The last thing Larry wanted was his agency, for which he’d sacrificed everything he ever had to keep afloat, including his wife and kids, getting embroiled in a legal fight over the oldest and most contentious conflict his hometown had ever known. He had many eager and hardworking volunteers, as well as the support of most local politicians, all aligned behind the agency’s mission. Being a part of the old land dispute would be considered by most to be a conflict of interest. Larry avoided detection by the simple fact his family tie was through his mother back to Eliza Thomas. It had been generations since the name Samuels had shown up on any of his family’s birth certificates. Truth was Larry was actually more closely related to the Basque community than anything else, which went a long way in his credibility as an environmental advocate. Only a couple of people with the historical society knew Larry was a descendant of Victor Samuels, and he preferred to keep it that way. Once it was broadly known he was a Samuels, his organization’s hard-won position as a leader in environmental advocacy for the inland Northwest would be shot.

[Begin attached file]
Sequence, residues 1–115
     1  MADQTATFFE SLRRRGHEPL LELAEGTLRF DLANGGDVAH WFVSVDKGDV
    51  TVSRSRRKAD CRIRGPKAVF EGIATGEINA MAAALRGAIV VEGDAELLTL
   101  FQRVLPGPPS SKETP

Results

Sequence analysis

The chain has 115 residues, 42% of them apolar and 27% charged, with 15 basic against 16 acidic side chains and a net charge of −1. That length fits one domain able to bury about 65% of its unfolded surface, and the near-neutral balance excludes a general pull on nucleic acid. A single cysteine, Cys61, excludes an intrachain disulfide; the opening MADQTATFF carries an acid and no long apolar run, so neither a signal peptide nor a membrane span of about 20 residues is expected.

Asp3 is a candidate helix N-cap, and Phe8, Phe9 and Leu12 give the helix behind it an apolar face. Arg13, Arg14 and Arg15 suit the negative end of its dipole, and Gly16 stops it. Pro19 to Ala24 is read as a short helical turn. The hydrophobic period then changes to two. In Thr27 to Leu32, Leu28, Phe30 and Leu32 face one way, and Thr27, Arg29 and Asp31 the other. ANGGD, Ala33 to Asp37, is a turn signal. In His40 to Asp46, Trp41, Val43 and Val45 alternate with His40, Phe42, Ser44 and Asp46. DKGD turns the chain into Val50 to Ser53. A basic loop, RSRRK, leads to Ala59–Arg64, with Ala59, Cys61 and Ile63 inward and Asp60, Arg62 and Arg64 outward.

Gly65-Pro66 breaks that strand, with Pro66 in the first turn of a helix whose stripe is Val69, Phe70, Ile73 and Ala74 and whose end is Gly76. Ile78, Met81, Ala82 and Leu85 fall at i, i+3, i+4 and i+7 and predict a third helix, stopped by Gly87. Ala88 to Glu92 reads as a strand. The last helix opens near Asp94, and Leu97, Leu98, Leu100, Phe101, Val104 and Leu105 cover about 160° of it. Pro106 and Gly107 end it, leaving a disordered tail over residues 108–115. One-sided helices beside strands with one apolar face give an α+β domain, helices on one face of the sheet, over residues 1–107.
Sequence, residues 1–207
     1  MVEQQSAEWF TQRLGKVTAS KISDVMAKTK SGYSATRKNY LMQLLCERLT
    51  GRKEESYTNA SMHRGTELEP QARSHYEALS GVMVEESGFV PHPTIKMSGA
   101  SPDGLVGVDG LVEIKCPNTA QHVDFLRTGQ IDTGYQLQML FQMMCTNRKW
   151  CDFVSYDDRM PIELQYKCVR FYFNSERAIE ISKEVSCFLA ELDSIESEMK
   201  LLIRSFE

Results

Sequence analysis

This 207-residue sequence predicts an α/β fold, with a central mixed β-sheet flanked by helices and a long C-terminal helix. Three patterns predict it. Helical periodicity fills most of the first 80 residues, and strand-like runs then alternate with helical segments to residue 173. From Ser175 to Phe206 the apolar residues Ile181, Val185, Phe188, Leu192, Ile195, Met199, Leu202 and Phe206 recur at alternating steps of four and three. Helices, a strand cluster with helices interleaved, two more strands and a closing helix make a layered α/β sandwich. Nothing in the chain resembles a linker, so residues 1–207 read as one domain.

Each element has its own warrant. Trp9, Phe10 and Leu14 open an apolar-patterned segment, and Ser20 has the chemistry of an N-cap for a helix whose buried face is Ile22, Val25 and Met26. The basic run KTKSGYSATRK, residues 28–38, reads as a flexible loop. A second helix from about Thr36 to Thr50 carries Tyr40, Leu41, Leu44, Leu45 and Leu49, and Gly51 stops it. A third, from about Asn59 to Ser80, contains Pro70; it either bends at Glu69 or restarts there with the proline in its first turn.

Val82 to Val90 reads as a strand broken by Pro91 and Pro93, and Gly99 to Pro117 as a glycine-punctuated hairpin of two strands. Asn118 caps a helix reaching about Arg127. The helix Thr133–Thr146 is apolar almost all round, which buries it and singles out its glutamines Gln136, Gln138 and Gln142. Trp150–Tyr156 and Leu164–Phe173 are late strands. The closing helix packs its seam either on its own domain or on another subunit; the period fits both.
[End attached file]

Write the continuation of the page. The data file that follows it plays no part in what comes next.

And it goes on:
Nevertheless, Larry couldn’t help but wonder what any of the families would do with the land, now that it looked like the ownership matter was finally going to be settled. Depending who ultimately ended up with Ol’ Vic’s claim, what would happen to it was anybody’s guess. He could only hope it ended up a gift from the heavens; leaving it wild and unoccupied. Or it could be a complete disaster, not just for Rocksberg, but for the entire Sawtooth region.

If the Samuels ended up with the ownership, then Larry knew he’d have a hard fight in front of him to maintain it as it had always been. His family had never been all that supportive of his environmental endeavors. They already thought of him as a traitor for even considering turning the land into a preserve, or turning it over to the National Parks program. From Catherine and on down to the current generation, all the Samuels ever wanted was to be able to move back onto the land and use its resources to provide the family with an income.

If the Garretts end up with it…Well, that prospect had always been hard to imagine. Their claim was always a bit dicey. But, if Mike was right, and the forensic people can do this DNA test, then it could be proved once and for all whether the Garretts are related to Old Vic or not. With the exception of Mike, Larry wasn’t sure any of the Garretts ever thought much of doing anything with the land, other than to have a stake in a claim they believed to be rightfully theirs.

And then there were the Davenports. Most of them had moved out of the area long ago, but they still had their hooks in the fight. God, Larry thought. They’ll probably want to turn the place into a goddamned Disneyland north; some sort of sprawling resort to rival Sun Valley.

But, first things first, he thought. When Charlene and Hugo get in the next morning, he’d have to let them in on his little secret. From there on out, he’d just have to take it one step at a time.